UT career coaches help students with career concerns

Garrett Smith

With 156 undergraduate degree programs to choose from, it can feel impossible for UT students to know which major will best equip them for their desired career. To lessen the stress for students, each college has a career services office whose purpose is to provide students with coaching services and disseminate career information.

Since starting as the director of the Moody College of Communications’ Career Center, this year, Ladd Flock is working to reform its career services. He said he will start by reevaluating the office structure of career services and redefining its mission.

“When you’re brand new, as a coach in a professional school, and you’re building your tool kit, (you think of) all the things that you want to deploy in a coaching session,” Flock said.

Part of Flock’s tool kit is a new coaching model where each career coach will be assigned to students under the same major and work with those students in a partnership.

“The team that’s doing the advising has gotten career coach training and certification,” Flock said. “We have gone through training to really understand how to work with students in this partnership arrangement.”

Moody’s Career Services is planning soft launches for this semester, with the goal of their new model being fully operational by Spring 2020. As of now, Moody career counselors are still meeting with students to offer help and guidance.

Corporate communications senior Hayley Naples said she made an appointment with a career coach in Moody to seek counseling for getting a job.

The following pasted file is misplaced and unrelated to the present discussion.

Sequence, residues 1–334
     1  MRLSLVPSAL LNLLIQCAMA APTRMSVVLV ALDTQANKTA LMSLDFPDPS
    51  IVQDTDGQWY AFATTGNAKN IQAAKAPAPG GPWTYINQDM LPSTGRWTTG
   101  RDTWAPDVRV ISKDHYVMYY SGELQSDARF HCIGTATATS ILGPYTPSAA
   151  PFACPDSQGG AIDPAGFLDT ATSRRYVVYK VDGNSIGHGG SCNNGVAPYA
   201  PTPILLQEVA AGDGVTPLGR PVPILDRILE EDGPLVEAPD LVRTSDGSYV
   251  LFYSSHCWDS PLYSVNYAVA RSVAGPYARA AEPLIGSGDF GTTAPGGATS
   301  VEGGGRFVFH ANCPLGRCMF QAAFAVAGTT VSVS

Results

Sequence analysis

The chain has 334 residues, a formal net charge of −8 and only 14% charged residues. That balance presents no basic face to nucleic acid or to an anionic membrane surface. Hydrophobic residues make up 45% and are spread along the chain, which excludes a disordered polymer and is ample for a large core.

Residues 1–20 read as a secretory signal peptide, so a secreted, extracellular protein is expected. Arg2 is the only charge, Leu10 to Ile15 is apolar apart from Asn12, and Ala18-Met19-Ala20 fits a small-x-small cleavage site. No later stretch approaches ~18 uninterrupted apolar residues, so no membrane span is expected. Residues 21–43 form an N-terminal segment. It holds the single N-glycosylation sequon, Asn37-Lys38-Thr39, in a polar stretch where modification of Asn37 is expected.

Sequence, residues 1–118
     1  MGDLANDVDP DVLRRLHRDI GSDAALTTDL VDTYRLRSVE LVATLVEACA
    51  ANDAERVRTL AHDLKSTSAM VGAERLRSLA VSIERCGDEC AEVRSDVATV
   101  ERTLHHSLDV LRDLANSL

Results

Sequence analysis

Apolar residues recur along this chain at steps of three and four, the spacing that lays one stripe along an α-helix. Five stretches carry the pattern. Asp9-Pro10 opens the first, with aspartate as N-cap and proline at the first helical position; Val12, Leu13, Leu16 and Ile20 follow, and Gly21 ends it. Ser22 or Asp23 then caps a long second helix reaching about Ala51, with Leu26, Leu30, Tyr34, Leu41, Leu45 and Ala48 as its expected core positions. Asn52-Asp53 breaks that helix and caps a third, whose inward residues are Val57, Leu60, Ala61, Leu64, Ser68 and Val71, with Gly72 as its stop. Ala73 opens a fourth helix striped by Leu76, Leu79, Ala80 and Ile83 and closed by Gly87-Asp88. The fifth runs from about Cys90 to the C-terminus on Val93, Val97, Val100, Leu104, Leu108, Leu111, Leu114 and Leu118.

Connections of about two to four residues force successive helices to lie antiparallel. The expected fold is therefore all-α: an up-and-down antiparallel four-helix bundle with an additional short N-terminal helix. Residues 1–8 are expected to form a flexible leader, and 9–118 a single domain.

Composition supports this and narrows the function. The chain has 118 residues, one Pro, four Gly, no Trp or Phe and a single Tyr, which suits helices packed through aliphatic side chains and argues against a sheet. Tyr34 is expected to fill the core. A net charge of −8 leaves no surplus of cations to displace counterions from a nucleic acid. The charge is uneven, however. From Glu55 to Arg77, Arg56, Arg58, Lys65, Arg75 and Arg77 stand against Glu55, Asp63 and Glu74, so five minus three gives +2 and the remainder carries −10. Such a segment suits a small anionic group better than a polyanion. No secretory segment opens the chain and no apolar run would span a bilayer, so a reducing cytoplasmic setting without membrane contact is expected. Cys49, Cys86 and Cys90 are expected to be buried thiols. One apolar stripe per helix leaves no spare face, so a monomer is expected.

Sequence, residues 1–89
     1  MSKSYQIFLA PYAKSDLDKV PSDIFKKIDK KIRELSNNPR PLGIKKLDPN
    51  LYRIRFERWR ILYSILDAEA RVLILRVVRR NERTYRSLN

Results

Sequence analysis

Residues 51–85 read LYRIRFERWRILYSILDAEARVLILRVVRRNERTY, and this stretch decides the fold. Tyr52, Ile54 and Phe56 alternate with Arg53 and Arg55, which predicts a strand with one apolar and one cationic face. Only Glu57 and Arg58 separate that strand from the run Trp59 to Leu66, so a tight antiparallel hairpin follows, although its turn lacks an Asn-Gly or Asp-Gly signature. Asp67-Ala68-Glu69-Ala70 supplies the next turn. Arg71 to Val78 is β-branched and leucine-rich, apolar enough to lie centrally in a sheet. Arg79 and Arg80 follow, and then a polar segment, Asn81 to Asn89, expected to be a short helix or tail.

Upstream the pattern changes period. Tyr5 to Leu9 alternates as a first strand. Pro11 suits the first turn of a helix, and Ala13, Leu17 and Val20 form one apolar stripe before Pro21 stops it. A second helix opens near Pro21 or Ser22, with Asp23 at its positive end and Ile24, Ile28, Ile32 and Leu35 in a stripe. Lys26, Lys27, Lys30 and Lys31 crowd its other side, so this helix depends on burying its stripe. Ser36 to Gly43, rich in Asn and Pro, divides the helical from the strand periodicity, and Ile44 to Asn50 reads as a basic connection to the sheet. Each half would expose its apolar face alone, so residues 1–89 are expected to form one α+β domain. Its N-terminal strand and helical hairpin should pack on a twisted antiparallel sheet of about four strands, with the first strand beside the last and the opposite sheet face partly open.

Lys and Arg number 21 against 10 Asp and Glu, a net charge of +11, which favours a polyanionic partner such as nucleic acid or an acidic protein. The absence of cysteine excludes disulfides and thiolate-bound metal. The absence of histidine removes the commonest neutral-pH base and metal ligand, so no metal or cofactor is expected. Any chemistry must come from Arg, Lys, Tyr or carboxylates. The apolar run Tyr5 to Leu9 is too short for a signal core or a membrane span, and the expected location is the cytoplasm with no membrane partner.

“I actually scheduled an appointment because I was getting rejections from companies I was applying for, and I didn’t see why,” Naples said.

During Naples’ meeting, the coach helped her by “adding more specific language to her résumé” and holding mock interviews.

“I came in with a list of questions because I knew I’d be interviewing a couple times,” Naples said. “(The coach) answered some interview questions (and) gave me some tips and tricks.”

After meeting with a career coach and updating her résumé, things started to look up for Naples.

“Right after I fixed my résumé and applied for my next job, I ended up getting an interview and now work for (Texas Performing Arts in the marketing department),” Naples said.

Tatem Oldham began working with career services at the College of Liberal Arts in 2014 as assistant director, and is now the interim director.

“My favorite part of my job is helping students meet their career goals,” Oldham said. “It’s incredibly fulfilling to help students find internships and job opportunities that align with their specific interests and skills.”

The COLA career services team also offers undeclared students counseling to help better understand their interests and skills, and supply resources to explore career options.

“We help students clarify their career values and talk about specific career paths that are available to them,” Oldham said. “That might include showing them typical entry-level career paths sought out by previous students.”

UT has cultivated a culture that is passionate about students’ success, and career coaches are a part of that process.

“I truly believe ‘What starts here changes the world,’ and I wanted to be a part of the process of helping students meet their goals,” Oldham said.